Navigating the Coverage Experience and Financial Challenges for Cancer Patients

July 24, 2017

Navigating the Coverage Experience and Financial Challenges for Cancer Patients: Affordable Care Act Brings Improvements, But Challenges Remain

The Affordable Care Act (ACA) guarantees coverage to individuals with pre-existing conditions, offering cancer patients and survivors a lifeline to accessing treatment. And while the ACA ushered in important consumer protections, particularly for cancer patients who require high-cost care, patients continue to face high out-of-pocket costs and hurdles to obtaining recommended treatments. Financial Navigators are hospital or health-system staff that work with cancer patients to review their plan options, understand their coverage, and obtain treatment. Due to their close work with cancer patients as they obtain treatment, Financial Navigators provide insights into how private insurance coverage under the ACA is working to give their patients access to care.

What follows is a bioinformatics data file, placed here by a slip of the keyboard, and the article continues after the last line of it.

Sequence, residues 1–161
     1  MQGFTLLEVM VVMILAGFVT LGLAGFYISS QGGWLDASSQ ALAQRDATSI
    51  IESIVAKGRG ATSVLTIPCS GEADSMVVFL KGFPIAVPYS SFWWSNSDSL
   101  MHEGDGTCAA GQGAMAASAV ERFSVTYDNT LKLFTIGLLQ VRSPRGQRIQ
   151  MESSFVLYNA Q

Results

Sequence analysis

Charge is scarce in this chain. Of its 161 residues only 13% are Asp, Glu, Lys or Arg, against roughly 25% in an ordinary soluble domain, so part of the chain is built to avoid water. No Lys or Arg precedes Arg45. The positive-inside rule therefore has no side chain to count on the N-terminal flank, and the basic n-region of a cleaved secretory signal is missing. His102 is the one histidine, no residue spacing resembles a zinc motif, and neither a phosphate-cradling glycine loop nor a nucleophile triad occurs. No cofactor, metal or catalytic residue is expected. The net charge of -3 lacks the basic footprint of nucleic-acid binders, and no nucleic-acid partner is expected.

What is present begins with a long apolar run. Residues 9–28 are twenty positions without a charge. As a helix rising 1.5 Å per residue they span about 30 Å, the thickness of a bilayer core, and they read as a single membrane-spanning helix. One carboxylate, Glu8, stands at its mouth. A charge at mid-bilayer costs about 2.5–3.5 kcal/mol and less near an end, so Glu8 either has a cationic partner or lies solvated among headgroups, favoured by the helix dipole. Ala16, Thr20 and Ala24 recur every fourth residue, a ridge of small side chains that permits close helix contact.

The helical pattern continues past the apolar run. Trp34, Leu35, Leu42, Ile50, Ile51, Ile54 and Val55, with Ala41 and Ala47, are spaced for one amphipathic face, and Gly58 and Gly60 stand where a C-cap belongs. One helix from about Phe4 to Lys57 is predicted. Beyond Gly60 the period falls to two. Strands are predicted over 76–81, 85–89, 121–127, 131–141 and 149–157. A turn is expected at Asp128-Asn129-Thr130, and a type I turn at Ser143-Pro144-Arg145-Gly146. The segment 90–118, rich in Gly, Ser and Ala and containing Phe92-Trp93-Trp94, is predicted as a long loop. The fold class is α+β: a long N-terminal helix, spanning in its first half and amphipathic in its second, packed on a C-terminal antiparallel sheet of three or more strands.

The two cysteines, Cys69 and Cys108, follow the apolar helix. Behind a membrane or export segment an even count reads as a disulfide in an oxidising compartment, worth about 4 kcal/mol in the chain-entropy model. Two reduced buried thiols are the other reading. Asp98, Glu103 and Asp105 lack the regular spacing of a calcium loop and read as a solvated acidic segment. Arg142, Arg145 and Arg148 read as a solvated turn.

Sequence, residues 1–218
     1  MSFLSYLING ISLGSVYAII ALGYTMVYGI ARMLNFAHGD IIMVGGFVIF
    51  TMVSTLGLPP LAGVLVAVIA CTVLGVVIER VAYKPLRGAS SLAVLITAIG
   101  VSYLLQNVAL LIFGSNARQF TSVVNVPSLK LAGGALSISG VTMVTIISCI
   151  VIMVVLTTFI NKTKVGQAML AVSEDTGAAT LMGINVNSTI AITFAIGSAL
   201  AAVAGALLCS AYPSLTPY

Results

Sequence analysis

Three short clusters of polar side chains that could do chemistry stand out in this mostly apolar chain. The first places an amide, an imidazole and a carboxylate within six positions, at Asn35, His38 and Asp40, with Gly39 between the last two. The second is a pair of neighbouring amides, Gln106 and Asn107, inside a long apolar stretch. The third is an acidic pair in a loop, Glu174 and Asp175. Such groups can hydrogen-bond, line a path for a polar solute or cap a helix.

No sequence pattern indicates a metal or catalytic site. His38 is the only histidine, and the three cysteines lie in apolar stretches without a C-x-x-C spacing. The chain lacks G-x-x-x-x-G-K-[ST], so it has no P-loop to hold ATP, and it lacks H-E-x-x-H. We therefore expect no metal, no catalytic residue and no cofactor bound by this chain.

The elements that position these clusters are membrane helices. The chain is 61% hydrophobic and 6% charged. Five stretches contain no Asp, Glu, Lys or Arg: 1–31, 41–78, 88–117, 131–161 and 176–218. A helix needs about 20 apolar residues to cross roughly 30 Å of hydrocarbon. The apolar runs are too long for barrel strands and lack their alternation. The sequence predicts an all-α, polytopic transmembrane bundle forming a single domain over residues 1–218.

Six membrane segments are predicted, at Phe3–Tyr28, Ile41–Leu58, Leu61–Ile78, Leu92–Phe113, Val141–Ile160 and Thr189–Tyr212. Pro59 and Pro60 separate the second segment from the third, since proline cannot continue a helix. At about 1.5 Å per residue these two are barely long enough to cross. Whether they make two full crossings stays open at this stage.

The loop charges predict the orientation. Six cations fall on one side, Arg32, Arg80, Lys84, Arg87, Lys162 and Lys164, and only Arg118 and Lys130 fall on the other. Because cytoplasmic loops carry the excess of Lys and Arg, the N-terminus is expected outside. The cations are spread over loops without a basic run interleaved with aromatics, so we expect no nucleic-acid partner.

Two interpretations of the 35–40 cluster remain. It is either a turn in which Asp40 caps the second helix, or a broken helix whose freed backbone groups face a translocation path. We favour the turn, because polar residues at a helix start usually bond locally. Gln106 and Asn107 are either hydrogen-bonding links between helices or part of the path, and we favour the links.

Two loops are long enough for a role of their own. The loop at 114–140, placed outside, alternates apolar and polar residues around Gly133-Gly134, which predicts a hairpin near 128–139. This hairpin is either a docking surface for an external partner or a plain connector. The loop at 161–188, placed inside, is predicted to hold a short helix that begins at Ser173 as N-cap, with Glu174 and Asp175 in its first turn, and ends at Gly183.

Financial Navigators reported:

  • Accessing comprehensive coverage has significantly improved with the ACA marketplaces and reform, particularly for people who are uninsured and for those who unexpectedly lose their health care coverage. However, obtaining coverage is still difficult for those who live in states that haven’t expanded Medicaid or are ineligible for ACA-related financial assistance.
  • Costs related to using coverage—not premiums—remain the most common financial barrier for their patients.
  • While the annual limit on out-of-pocket costs provides security to patients against catastrophic costs, meeting that limit annually can take a financial toll.
  • Even with the help of a Financial Navigator, it’s difficult to get information on what a patient can expect to pay out-of-pocket for treatment.
  • Although cancer treatment is more likely than ever to be covered, the practice of “medical management” has become more prevalent.
  • Network adequacy varies, depending on local market dynamics, but when patients lose access to a covered provider, ensuring continuity of care is critical.
  • Limited health literacy and high-level plan summaries make it difficult to understand plan rules for obtaining treatment.